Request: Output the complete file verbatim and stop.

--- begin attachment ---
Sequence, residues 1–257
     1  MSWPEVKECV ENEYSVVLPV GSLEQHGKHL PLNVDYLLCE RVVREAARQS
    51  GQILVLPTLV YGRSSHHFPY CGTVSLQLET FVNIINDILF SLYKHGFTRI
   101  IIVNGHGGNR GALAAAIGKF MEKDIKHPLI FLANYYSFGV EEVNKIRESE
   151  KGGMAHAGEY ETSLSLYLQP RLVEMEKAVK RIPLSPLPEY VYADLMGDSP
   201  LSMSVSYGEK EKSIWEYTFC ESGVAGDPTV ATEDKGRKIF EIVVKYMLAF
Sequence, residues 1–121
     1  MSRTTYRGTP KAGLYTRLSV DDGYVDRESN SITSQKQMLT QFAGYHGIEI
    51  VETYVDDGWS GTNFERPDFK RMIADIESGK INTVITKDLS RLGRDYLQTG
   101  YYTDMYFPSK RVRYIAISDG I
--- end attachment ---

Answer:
Sequence, residues 1–257
     1  MSWPEVKECV ENEYSVVLPV GSLEQHGKHL PLNVDYLLCE RVVREAARQS
    51  GQILVLPTLV YGRSSHHFPY CGTVSLQLET FVNIINDILF SLYKHGFTRI
   101  IIVNGHGGNR GALAAAIGKF MEKDIKHPLI FLANYYSFGV EEVNKIRESE
   151  KGGMAHAGEY ETSLSLYLQP RLVEMEKAVK RIPLSPLPEY VYADLMGDSP
   201  LSMSVSYGEK EKSIWEYTFC ESGVAGDPTV ATEDKGRKIF EIVVKYMLAF
Sequence, residues 1–121
     1  MSRTTYRGTP KAGLYTRLSV DDGYVDRESN SITSQKQMLT QFAGYHGIEI
    51  VETYVDDGWS GTNFERPDFK RMIADIESGK INTVITKDLS RLGRDYLQTG
   101  YYTDMYFPSK RVRYIAISDG I